BOOKS READ APRIL 2019
Dietrich Bonhoeffer: Life Together, translated by John W Doberstein, London, SCM, 1954 ; from German Gemeinsaames Leben, 1949.
Dietrich Bonhoeffer is truly one of the heroes of Christian faith. Executed by the Nazis, close to the end of WW11 for plotting against Hitler’s life, Bonhoeffer was a theological giant, cut off in his prime. His books Letters and Papers from Prison, Ethics, The Cost of Discipleship and No Rusty Swords are rightly regarded as Christian classics. This little Book about the church, Life Together, just ninety five pages, is, in my view the best of all. In seemingly simple terms he packs in such helpful practical advice, spiritual wisdom and energising encouragement that the reader cannot help but be inspired to return to their church inspired and encouraged.
Chapter one is simply about Christian community. Bonhoeffer reminds us that we should not take our Christian community for granted. Many Christians around the world are on their own, literally. If we have a church fellowship we are fortunate. He reminds us that our Christian community must be based on Christ alone. If we are going to church for the social experience, because it is a “dream” church where everyone is “people like us” and “nice”, or a place we can go to have a “rapturous experience” or because the music is wonderful then we have failed to understand Christian community.
All of these are false motivations. Bonhoeffer writes that God is not a God of emotions but the God of truth..He who loves his dream of a community more than the Christian community itself becomes a destroyer of the latter , even though his personal intentions be ever so honest, and earnest and sacrificial. Bonhoeffer encourages us to give thanks daily ..even where were is no great experience, nod discoverable riches, but much weakness, small faith, and difficulty. This must surprise us, especially those like me who have been fortunate in the past to belong to huge and powerful congregations, with exceptional music, outstanding preachers, deep spiritual maturity and close friendships.
Bonhoeffer celebrates the opposite..Christ bids me to celebrate fellowship for the sake of love …the exclusion of the weak and insignificant, the seemingly useless people from a Christian community may actually mean the exclusion of Chris; in the poor brother, Christ is knocking at the door… thus it is that really annoying person, that person with deep needs, that person who is not “people like us”, that person whose memory is gone, that person who is so depressing…is Christ knocking at the door. I found this chapter especially challenging.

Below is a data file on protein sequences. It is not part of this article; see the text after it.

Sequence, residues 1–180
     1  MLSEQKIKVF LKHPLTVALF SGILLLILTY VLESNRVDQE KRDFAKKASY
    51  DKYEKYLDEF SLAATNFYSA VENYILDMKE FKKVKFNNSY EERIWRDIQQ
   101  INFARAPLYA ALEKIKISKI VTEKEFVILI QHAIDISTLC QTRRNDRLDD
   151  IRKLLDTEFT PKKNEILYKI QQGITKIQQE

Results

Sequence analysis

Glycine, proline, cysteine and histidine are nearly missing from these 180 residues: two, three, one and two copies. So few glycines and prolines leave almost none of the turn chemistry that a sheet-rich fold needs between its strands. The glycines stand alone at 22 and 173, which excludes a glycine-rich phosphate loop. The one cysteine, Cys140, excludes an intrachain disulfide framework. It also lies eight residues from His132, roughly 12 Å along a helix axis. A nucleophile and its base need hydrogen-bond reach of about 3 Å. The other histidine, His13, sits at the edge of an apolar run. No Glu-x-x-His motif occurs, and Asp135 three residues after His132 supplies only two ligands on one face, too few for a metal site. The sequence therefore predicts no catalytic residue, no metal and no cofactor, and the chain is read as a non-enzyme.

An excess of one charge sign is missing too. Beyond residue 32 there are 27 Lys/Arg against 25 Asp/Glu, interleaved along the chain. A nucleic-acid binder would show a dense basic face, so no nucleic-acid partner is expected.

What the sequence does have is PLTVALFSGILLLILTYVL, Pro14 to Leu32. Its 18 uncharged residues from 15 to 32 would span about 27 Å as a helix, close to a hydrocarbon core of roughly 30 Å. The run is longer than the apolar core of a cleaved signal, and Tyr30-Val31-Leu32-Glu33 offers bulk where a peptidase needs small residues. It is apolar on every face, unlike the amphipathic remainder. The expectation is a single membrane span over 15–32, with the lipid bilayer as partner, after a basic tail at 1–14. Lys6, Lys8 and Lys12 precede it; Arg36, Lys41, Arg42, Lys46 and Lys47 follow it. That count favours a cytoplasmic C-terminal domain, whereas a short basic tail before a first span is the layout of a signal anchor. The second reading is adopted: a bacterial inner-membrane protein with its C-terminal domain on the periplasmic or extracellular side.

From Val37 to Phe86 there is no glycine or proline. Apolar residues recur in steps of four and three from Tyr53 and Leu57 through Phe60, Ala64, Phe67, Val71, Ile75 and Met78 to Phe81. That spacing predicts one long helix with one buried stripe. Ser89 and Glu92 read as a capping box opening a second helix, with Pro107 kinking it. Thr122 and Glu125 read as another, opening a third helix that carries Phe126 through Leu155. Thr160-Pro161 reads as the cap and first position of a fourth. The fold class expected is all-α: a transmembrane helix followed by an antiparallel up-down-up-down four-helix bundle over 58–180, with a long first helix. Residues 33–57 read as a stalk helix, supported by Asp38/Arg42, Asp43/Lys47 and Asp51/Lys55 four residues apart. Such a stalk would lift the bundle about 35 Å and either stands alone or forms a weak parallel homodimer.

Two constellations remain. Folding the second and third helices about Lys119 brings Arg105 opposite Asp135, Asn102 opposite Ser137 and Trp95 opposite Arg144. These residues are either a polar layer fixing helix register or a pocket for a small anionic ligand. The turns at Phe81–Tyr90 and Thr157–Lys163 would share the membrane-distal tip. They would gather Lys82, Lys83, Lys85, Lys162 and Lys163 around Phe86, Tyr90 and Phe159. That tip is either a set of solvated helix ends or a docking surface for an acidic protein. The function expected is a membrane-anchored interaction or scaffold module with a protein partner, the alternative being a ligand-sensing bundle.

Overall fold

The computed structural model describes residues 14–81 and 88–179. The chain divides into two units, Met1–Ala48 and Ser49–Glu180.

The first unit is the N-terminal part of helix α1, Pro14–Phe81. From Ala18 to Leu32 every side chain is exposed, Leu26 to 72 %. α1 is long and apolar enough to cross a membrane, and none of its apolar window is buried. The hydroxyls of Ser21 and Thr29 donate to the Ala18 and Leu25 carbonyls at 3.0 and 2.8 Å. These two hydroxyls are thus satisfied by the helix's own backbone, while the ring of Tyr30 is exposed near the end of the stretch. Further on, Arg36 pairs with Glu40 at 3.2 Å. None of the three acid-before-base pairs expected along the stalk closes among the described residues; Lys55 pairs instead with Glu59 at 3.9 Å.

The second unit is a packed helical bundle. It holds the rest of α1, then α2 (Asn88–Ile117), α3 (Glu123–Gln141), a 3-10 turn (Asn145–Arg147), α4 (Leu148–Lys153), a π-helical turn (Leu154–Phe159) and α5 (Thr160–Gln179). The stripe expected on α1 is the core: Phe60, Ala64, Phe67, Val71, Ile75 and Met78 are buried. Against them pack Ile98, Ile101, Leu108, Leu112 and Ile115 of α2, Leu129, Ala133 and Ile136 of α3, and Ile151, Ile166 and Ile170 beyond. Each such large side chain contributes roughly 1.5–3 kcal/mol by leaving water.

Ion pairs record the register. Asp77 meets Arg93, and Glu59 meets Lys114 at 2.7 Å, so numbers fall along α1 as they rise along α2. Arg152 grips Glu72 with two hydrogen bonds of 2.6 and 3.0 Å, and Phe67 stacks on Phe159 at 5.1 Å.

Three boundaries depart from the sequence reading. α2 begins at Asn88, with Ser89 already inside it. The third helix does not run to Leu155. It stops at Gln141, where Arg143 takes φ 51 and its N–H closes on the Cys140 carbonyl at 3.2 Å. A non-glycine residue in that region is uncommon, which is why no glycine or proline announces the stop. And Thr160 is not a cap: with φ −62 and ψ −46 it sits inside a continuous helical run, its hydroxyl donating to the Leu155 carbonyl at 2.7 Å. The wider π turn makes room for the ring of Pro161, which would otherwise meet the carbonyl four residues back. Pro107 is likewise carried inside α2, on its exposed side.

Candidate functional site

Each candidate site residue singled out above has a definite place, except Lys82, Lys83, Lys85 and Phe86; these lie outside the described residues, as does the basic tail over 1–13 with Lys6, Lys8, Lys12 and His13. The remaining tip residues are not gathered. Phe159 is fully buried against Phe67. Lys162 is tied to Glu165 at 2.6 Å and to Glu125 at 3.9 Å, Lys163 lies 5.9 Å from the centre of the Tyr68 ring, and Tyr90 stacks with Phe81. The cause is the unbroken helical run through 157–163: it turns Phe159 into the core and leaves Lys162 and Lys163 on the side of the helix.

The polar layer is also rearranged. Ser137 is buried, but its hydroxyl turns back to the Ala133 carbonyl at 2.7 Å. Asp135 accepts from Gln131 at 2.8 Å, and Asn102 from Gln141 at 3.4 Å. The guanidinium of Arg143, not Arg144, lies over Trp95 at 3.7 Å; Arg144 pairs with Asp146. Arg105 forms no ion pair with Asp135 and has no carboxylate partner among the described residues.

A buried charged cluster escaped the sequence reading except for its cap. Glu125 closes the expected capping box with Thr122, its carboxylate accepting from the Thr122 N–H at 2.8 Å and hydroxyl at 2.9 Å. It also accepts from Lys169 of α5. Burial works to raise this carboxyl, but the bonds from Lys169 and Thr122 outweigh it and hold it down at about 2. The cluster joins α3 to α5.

Chapter 2 concerns “the day with others”…how we lead our daily lives and our worship life. Bonhoeffer helps us with the imprecatory psalms which seem so unChristian..what should we do with them? (you will need to read the book for the answer!); he reminds us that our church activity should be based on solid biblical ground. Rather than speaking to others on the basis of life experience or life coaching he calls us to base our counselling on Scripture. He encourages us in our ministries not to draw attention to ourselves, to use both formal and personal prayers, to heal our divisions on the same day and not let them fester. Bonhoeffer suggests that arguments about church music should not become heated or doctrinaire..it is the church which is singing not individuals getting off on what they like.
Chapter 3 concerns our personal spiritual life. Bonhoeffer reminds that unexpected, extraordinary experiences in meditation are welcome when they happen but if they do not it is not a sign that the meditation was useless. When we are distracted in our prayers he suggests we pray about our distractions. I have always practised this and it is helpful.
Chapter 4 is about ministry. Bonhoeffer reminds us that We should not try to fashion folk in our own Christian image. God did not give this person to me as a brother or sister for me to dominate and control, but in order that might find above him or her the creator. He urges us to practise the ministry of holding the tongue…to speak about a brother publicly or covertly is forbidden, even under the cloak of help and good will. How much church gossip, anger and bitterness would be squished immediately if we kept to this rule?
Bonhoeffer reminds us Thomas à Kempis’ dictum that we should consider ourselves the greatest of sinners and urges us to see listening to others as the first service we owe them. Strikingly he notes that he who no longer listens to others will soon be no longer listening to God! About helpfulness he reminds us that we must be ready to allow ourselves to be interrupted by God. About evangelism he notes that the speaking of the Word is beset with infinite perils…and yet we are called to this task. It requires training and care.
Chapter 5 is a brief reflection on the importance of Confession and Holy Communion. I was surprised to see no comment at all on baptism.
This is a little book to read, re-read and read again. You won’t agree with everything Bonhoeffer says but your spiritual life will be deepened and encouraged as you turn to Christ and his Word. 5 stars
Bertolt Brecht: Mother Courage and her Children with commentary and notes, translated from German by John Willett; commentary and notes by Hugh Rorrison, London, Methuen, 1983 (translation 1980; original German 1940).